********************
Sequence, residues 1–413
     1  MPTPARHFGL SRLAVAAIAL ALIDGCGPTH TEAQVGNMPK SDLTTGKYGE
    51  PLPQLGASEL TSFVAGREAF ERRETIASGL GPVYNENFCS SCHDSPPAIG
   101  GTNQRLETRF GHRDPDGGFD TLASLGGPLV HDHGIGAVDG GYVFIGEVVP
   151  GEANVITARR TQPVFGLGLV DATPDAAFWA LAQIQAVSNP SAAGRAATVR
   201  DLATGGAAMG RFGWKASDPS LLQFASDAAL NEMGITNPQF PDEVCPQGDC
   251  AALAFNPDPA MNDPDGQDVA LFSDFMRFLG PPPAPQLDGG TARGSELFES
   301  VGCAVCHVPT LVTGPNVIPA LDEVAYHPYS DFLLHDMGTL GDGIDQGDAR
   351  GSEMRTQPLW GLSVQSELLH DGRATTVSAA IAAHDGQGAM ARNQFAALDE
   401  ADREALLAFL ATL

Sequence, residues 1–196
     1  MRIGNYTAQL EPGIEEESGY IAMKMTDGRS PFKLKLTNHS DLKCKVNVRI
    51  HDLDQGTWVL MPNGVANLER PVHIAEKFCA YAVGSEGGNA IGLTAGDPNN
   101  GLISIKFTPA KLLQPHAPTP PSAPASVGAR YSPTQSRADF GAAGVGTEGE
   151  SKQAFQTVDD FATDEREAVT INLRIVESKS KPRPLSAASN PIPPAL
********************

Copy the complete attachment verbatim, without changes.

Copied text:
Sequence, residues 1–413
     1  MPTPARHFGL SRLAVAAIAL ALIDGCGPTH TEAQVGNMPK SDLTTGKYGE
    51  PLPQLGASEL TSFVAGREAF ERRETIASGL GPVYNENFCS SCHDSPPAIG
   101  GTNQRLETRF GHRDPDGGFD TLASLGGPLV HDHGIGAVDG GYVFIGEVVP
   151  GEANVITARR TQPVFGLGLV DATPDAAFWA LAQIQAVSNP SAAGRAATVR
   201  DLATGGAAMG RFGWKASDPS LLQFASDAAL NEMGITNPQF PDEVCPQGDC
   251  AALAFNPDPA MNDPDGQDVA LFSDFMRFLG PPPAPQLDGG TARGSELFES
   301  VGCAVCHVPT LVTGPNVIPA LDEVAYHPYS DFLLHDMGTL GDGIDQGDAR
   351  GSEMRTQPLW GLSVQSELLH DGRATTVSAA IAAHDGQGAM ARNQFAALDE
   401  ADREALLAFL ATL

Sequence, residues 1–196
     1  MRIGNYTAQL EPGIEEESGY IAMKMTDGRS PFKLKLTNHS DLKCKVNVRI
    51  HDLDQGTWVL MPNGVANLER PVHIAEKFCA YAVGSEGGNA IGLTAGDPNN
   101  GLISIKFTPA KLLQPHAPTP PSAPASVGAR YSPTQSRADF GAAGVGTEGE
   151  SKQAFQTVDD FATDEREAVT INLRIVESKS KPRPLSAASN PIPPAL